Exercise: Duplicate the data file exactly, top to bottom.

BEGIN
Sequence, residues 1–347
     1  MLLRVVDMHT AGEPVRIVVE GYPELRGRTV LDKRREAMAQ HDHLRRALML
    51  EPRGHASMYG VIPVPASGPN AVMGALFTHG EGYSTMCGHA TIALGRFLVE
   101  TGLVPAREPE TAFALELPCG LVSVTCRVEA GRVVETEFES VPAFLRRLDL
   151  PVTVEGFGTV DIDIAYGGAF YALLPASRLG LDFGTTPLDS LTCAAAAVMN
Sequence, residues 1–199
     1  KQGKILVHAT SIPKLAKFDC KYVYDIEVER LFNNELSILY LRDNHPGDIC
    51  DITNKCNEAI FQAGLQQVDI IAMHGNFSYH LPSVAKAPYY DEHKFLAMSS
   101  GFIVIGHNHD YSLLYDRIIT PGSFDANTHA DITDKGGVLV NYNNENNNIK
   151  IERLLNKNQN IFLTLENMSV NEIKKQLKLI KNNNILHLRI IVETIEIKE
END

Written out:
Sequence, residues 1–347
     1  MLLRVVDMHT AGEPVRIVVE GYPELRGRTV LDKRREAMAQ HDHLRRALML
    51  EPRGHASMYG VIPVPASGPN AVMGALFTHG EGYSTMCGHA TIALGRFLVE
   101  TGLVPAREPE TAFALELPCG LVSVTCRVEA GRVVETEFES VPAFLRRLDL
   151  PVTVEGFGTV DIDIAYGGAF YALLPASRLG LDFGTTPLDS LTCAAAAVMN
Sequence, residues 1–199
     1  KQGKILVHAT SIPKLAKFDC KYVYDIEVER LFNNELSILY LRDNHPGDIC
    51  DITNKCNEAI FQAGLQQVDI IAMHGNFSYH LPSVAKAPYY DEHKFLAMSS
   101  GFIVIGHNHD YSLLYDRIIT PGSFDANTHA DITDKGGVLV NYNNENNNIK
   151  IERLLNKNQN IFLTLENMSV NEIKKQLKLI KNNNILHLRI IVETIEIKE